Under the Global section, modify (or add if missing) the setting named as “VolumePercentageStep=1” which sets the adjustments to using just one percent instead of 5 percent, the default.


PulseAudio can output audio levels above 100%, thus over driving some devices. You can stop this in KDE with this command:


Once you are complete, I suggest you restart your PC to get the full effect of all of the changes listed above.

For even more info on using pavucontrol, have a look at this blog by oldcpu: Pulseaudio Basics for openSUSE with pavucontrol

I have a bash script for testing sound you can find here: S.T.A.R.T. - SuSE Terminal Audio Reporting Tool - Version 2.00 - Blogs - openSUSE Forums
Now to test your sound even further, check out these YouTube [size=3]Video Links:[/size]**

This video is silly perhaps, but the sound is not, so turn it up: 009 Sound System “Wings (Hardrox Remix) Official HD” - YouTube

Another nice video that could give you a heart attack is here: Demi Lovato - Heart Attack (Official Video) - YouTube

A nice song with no video, but a keeper: Daft Punk - Within [Random Access Memories] - YouTube

Another Good one from the same gang: Daft Punk The Game of Love (CD version) - YouTube

Here is one that is a little suggestive, but very nice: Alex Gaudino - Destination Calabria [HD] 1080p - YouTube

Do you feel Luck? Get Lucky Today: Daft Punk - Get Lucky (Music Video) - YouTube

And under the category its my blog and I can post any song I want: Hubble Slide Show [Laura Veirs - Galaxies] - YouTube

The Video May be old, but the audio is good. Turn it Up: Stars - Roxette. - YouTube

Another Good one from Roxette: Roxette - Wish I Could Fly - YouTube

Here is a new one my Daughter pointed out to me from One Republic: OneRepublic - Counting Stars - YouTube

If you like the sound (and video) from these links, download them using** Clipgrab **which you can find in the Packman repository and have lots of fun.

The Application is just called clipgrab and you can locate it with a Alt-F2 in KDE and just type in clipgrab to find and load it:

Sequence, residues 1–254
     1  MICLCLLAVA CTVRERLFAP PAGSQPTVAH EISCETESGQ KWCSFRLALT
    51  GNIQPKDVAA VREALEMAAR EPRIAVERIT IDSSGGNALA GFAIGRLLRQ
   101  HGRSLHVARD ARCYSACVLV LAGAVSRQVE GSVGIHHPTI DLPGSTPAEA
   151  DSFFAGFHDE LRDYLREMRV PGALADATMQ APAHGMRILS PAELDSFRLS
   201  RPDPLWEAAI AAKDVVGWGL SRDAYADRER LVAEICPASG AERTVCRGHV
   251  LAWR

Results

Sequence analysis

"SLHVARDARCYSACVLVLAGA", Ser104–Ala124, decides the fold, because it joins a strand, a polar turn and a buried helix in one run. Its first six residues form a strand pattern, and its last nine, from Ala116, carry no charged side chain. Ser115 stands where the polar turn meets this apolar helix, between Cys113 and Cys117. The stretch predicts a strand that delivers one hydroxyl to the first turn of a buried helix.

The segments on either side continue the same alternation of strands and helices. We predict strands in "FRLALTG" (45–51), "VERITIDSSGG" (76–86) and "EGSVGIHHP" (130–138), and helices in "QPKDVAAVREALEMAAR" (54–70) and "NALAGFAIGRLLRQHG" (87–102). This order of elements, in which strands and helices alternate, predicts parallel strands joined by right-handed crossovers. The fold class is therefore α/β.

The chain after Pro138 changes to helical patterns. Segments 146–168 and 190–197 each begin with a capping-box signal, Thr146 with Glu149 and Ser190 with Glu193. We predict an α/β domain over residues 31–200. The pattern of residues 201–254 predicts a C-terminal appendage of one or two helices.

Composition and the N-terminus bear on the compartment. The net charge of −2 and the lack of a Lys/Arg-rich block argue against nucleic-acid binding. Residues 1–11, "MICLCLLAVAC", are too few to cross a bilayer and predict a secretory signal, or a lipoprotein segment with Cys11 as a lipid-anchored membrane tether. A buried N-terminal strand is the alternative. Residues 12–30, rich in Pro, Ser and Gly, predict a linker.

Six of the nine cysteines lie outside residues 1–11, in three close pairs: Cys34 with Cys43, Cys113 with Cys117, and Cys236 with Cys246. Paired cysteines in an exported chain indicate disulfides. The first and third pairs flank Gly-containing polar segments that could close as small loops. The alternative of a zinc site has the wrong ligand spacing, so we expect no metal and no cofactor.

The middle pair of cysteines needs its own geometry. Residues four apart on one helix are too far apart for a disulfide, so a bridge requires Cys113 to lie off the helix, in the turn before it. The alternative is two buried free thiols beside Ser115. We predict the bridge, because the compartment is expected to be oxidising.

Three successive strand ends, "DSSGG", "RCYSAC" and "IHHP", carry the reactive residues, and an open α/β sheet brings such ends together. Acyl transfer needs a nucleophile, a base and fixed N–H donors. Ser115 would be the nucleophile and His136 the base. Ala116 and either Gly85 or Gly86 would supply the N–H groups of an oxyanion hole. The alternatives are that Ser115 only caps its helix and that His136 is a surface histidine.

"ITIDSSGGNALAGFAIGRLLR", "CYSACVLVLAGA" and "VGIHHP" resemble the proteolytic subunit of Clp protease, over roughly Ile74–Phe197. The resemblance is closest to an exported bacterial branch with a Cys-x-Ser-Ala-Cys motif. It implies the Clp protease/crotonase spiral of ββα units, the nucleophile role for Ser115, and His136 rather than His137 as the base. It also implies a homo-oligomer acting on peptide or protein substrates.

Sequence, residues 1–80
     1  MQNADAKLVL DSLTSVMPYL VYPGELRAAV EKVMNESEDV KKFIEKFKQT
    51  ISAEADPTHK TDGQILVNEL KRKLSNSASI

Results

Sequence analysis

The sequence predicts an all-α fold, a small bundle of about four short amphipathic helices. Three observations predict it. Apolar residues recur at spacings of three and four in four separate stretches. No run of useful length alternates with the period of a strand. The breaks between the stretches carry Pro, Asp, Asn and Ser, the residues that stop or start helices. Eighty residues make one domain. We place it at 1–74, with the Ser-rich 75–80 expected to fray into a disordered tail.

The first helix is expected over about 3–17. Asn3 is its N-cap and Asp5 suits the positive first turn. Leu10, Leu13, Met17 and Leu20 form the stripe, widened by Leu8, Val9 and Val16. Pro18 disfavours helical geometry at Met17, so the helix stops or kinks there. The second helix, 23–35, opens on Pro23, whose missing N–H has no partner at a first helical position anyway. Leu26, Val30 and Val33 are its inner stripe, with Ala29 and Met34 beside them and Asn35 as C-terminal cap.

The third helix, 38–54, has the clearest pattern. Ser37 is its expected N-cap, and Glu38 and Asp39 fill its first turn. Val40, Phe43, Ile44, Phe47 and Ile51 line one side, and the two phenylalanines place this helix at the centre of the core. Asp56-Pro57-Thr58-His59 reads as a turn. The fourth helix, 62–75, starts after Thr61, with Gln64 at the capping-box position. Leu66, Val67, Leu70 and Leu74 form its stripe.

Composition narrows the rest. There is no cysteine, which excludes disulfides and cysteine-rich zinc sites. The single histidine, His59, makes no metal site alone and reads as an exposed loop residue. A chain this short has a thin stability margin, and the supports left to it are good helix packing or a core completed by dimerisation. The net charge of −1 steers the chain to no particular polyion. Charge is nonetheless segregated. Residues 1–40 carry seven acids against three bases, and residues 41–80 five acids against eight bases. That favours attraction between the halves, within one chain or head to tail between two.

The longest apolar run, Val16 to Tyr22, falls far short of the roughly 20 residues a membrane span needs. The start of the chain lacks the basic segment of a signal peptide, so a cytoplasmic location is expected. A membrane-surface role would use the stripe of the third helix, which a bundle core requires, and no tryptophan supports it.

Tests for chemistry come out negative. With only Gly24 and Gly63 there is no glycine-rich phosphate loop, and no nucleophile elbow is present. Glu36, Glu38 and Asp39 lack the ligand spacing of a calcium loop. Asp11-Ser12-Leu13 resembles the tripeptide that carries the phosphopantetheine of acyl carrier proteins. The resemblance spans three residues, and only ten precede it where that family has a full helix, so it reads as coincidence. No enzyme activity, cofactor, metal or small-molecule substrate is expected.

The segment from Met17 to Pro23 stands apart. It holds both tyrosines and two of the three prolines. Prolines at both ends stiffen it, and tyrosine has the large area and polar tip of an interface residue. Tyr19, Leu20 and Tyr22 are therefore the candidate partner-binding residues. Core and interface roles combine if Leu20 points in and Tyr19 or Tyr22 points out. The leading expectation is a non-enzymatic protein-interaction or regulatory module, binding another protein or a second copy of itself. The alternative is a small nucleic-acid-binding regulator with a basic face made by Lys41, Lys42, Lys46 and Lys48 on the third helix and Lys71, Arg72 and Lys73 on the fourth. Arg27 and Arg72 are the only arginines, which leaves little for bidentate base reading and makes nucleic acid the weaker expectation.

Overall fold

If you have issues in playing video in openSUSE, then for Multimedia Setup in openSUSE 12.3, please have a look here: openSUSE 12.3 Multi-media and Restricted Format Installation Guide

If you have any comments on this blog subject, please let me hear what they are.

Thank You,

Thanks for this I had been wondering how to organise the sound device list correctly. I have 3.

I fitted a new sound card moved it up KDE’s list and found some of kde’s sound outputs worked and others didn’t. This was corrected using the “apply list to” button. Fine but alsa still used the earlier arrangement. I can correct that now and suspect may have to use the apply list button again.


[QUOTE=John_82;bt926]Thanks for this I had been wondering how to organise the sound device list correctly. I have 3.

I fitted a new sound card moved it up KDE’s list and found some of kde’s sound outputs worked and others didn’t. This was corrected using the “apply list to” button. Fine but alsa still used the earlier arrangement. I can correct that now and suspect may have to use the apply list button again.


Happy to help and always leave any helpful info you have found out. Only through our combined efforts can we deal with PulseAudio and multiple sound devices.

Thank You,

In order to manually upgrade to clipgrab 3.3 here is what I had to do:

  1. Download Clipgrab version http://download.clipgrab.de/clipgrab-
  2. Using ARK, I extracted the executable file clipgrab- and renamed it to just clipgrab and set it as executable using Dolphin File Properties
  3. I opened up YaST / Software Managment
  4. I searched for and installed the applications; libQtWebKit-devel, libQtWebKit-32bit and mono-qt4-devel (This will install MANY files)
  5. You must have installed the older version of clipgrab. Copy the executable clipgrab from step 2 to the folder /usr/bin/clipgrab as root.
  6. Restart your PC.

This worked for me if you can’t wait for an update in Packman.

Thank You,

Sound configuration is always (often) tricky in Linux. Your article is very simple, clear and thorough. I easily solved a microphone problem in 5 minutes by following your steps. Thanks for the article and taking the time to write it!

I am very happy to help and thanks for your very kind words.

Thank You,

Thank you very much for this great blog article. Since the installation of openSUSE starting last year, the audio devices on my Thinkpad only work following your detailed advice given here. Thanks! :wink: